Before I say anything, I think I should mention that last night’s episode of The Walking Dead (“Too Far Gone”) might be my favorite of the whole series. While I’m not sure it was a perfect episode entirely, it was the perfect episode for where the show is at right now. The characters on The Walking Dead always seem to be going through a cycle of building things back up, only to have them torn down again. But I’m not sure they’ve ever had to build back up from events quite as devastating as last night’s.
Following the previous week’s “Dead Weight,” in which the Governor’s power-hungry impulses began to surface once again, “Too Far Gone” found he and his camp trying to invade the prison (lucky they had that tank, huh?), a decision which he was able to persuade them on surprisingly easily. In order to do this, he takes Hershel and Michonne prisoner, then rolls up with his crew and tells Rick if they don’t surrender, he will kill the hostages and then take the prison by force. Rick tries to reason with the Governor, even telling him at one point that they are not “too far gone” to share the prison if he’s willing to lay down his guns. Unsurprisingly, the Governor is in fact too far gone to do this, and in a shocking yet predictable moment, the Governor cuts off Hershel’s head, and his people storm the prison.
One of the interesting things about this episode is that despite it being better than any other in recent memory, it also killed off my two favorite characters. I don’t really know why I liked Hershel that much; he’s pretty much followed the same pattern throughout the whole show, i.e. questioning his faith yet in the end choosing to carry on for his loved ones. His systematic ups and downs are not unlike that of the The Walking Dead‘s overall arc thus far. Maybe it was Scott Wilson’s nuanced performance that made me like Hershel so much. Or maybe it was the fact that his character was always at an even keel when everyone else seemed to go over the top. Or maybe it was just that he was a kindly, grandfatherish figure who would be difficult for anybody to dislike. Either way, while I figured that Hershel probably wouldn’t make it to the end no matter where the show went, his death was still a difficult moment. Partly because of the brutal way in which he died, but partly because of what it signified about the Governor as well.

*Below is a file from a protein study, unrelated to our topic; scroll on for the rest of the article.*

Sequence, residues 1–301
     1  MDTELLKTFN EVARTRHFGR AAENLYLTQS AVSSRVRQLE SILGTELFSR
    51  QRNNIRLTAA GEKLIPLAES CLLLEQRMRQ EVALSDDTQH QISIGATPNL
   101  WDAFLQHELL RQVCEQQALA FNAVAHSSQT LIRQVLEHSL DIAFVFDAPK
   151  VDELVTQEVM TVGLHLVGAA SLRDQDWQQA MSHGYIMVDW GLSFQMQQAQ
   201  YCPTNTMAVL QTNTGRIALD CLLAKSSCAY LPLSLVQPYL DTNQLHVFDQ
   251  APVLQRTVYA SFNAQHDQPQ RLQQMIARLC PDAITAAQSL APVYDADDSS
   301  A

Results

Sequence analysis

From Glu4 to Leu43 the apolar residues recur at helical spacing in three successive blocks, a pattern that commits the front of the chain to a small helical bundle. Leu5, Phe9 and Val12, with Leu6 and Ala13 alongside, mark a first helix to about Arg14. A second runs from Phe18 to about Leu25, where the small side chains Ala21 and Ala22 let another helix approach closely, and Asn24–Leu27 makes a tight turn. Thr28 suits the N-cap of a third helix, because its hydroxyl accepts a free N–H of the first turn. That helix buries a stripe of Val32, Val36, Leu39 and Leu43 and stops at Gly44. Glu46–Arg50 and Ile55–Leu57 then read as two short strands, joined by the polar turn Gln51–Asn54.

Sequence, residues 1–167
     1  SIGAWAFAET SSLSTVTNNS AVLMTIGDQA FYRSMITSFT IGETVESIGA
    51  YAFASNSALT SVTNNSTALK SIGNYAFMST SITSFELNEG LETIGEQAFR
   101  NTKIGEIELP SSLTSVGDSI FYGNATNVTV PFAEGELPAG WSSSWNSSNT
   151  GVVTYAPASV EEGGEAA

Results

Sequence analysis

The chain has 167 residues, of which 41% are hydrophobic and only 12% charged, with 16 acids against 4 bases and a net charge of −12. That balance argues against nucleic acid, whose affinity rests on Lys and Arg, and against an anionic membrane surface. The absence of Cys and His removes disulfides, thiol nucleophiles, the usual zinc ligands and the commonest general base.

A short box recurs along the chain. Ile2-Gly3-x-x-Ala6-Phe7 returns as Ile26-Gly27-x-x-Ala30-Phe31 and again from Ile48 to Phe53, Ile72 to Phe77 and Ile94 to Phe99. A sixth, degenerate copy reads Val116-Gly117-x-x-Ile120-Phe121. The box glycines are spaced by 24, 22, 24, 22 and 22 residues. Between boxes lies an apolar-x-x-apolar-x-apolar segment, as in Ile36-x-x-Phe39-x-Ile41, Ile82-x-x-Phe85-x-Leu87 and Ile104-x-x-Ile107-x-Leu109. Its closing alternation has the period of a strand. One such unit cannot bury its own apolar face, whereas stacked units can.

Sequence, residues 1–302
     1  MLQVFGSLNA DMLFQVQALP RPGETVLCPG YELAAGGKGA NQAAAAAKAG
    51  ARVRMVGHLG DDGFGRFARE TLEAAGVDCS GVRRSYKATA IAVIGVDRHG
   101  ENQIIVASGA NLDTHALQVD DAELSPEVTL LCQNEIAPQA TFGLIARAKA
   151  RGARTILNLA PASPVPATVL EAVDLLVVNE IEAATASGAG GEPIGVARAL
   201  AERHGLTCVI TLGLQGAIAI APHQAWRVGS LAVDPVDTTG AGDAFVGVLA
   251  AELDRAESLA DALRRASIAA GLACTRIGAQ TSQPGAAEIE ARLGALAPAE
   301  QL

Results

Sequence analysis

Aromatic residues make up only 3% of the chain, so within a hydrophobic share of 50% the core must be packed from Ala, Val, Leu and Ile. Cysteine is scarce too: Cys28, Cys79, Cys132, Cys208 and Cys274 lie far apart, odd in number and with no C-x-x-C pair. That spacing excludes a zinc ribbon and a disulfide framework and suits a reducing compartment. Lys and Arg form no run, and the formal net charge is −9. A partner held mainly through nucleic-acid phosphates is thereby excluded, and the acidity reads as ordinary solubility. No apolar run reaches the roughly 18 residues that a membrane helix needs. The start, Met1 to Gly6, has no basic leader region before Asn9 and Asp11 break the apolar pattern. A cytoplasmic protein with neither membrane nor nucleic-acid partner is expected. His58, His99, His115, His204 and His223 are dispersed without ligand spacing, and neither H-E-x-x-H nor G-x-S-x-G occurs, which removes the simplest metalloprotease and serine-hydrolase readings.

I never really thought that the Governor would turn out to be some good guy and that he’d find a place to settle down with his new family and that everything would be okay for him. But I thought there was a chance his struggle with Rick over what kind of leader you have to be in this hellish world might last a little bit longer. But as I’ve already said, when the show devoted a few episodes entirely to his perspective, I feared the worst. Sure enough, Michonne puts his sword through him after the chaos at the prison beaks out, and her bloodlust, as well as that of many Walking Dead fans, was finally quenched. It was certainly a fitting way for the Governor to go, although they didn’t stop there.